TOPEKA – (March 5, 2021) – Federal election legislation approved Wednesday by the U.S. House of Representatives would violate the U.S. Constitution and intrude on state legislatures' authority over elections and must be defeated by the U.S. Senate, Kansas Attorney General Derek Schmidt said today.
Schmidt joined a coalition with 20 other state attorneys general in a letter to U.S. Senate and U.S. House leaders objecting to the legislation on constitutional grounds. Schmidt also wrote separately to U.S. Senator Jerry Moran and U.S. Senator Roger Marshall, both representing Kansas.
“As introduced, the Act betrays several Constitutional deficiencies and alarming mandates that, if passed, would federalize state elections and impose burdensome costs and regulations on state and local officials,” the attorneys general wrote, noting that the U.S. Constitution places with the state legislatures, not with Congress, primary authority for safeguarding the manner of conducting elections. “The Act would invert that constitutional structure, commandeer state resources, confuse and muddle elections procedures, and erode faith in our elections and systems of governance.”
The legislation, captioned H.R. 1 and named the “For the People Act of 2021,” has been described as the top legislative priority for U.S. House Speaker Nancy Pelosi and was approved 220-210, with no Republicans voting in favor. It contains numerous provisions that impermissibly intrude on state authority to establish the manner of conducting elections, including:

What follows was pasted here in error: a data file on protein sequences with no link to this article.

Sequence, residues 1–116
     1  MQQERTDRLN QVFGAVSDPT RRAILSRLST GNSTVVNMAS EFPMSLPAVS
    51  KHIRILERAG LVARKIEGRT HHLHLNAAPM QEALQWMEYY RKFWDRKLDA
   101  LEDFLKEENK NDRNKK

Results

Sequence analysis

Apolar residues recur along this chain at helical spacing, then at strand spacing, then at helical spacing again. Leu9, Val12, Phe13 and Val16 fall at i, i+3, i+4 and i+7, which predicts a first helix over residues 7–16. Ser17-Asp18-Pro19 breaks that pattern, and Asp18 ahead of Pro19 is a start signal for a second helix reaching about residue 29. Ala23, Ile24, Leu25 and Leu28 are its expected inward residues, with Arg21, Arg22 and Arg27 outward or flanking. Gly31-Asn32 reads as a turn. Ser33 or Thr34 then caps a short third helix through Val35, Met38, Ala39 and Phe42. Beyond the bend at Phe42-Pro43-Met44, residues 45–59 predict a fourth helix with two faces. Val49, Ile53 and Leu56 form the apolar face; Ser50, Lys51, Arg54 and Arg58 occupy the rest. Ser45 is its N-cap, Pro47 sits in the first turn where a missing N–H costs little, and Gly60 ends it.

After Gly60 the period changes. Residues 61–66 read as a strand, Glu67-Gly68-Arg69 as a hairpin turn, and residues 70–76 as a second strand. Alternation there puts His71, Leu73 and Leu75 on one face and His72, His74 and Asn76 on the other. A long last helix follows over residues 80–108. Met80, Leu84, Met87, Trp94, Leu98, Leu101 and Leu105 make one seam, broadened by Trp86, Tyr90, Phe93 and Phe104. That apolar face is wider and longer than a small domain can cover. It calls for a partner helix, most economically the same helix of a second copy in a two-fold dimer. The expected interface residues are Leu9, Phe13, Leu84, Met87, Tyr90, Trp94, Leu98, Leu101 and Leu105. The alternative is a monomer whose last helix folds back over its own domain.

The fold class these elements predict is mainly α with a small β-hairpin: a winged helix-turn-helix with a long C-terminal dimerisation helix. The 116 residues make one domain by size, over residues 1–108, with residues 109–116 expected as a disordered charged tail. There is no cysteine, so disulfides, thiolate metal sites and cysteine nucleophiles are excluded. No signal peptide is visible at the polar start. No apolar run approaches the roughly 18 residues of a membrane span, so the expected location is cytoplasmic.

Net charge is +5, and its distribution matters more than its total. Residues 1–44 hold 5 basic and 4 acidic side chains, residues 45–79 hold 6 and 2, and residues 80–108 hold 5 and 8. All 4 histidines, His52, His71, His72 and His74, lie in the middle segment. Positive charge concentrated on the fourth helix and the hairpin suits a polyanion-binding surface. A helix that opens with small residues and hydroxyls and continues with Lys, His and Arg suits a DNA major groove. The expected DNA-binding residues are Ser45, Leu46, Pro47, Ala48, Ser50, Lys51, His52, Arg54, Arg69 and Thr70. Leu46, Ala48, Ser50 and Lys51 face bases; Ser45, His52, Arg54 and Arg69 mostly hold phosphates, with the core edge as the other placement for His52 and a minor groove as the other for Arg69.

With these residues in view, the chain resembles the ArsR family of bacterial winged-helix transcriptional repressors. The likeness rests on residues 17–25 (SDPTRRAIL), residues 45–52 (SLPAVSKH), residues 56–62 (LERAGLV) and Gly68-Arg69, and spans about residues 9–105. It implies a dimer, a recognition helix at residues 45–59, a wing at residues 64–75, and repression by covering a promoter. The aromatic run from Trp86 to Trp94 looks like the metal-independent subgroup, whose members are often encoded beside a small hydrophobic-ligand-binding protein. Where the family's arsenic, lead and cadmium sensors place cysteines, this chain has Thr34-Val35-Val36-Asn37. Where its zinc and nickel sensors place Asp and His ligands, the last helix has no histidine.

- Mandating nationwide mail-in voting
- Requiring states to accept late ballots
- Overriding state voter identification laws like the law in Kansas
- Mandating that states conduct redistricting through unelected commissions
- Mandating nationwide automatic voter registration and Election Day registration
- Restricting the ability of states to remove illegitimate voters from registration rolls
- Requiring certain political organizations to disclose their donor lists thereby creating an ability to censor groups with whom the bill’s authors disagree
“[I]t is difficult to imagine a legislative proposal more threatening to election integrity and voter confidence,” the attorneys general wrote. “Around the nation, the 2020 general elections generated mass confusion and distrust – problems that the Act would only exacerbate. Should the Act become law, we will seek legal remedies to protect the Constitution, the sovereignty of all states, our elections, and the rights of our citizens.”
Because of an administrative error, Schmidt’s signature was mistakenly omitted from the original version of the letter. A copy of the letter and Schmidt’s separate letter joining it, along with Schmidt's letter to Kansas's two U.S. Senators, are available at https://bit.ly/3uQYCmW.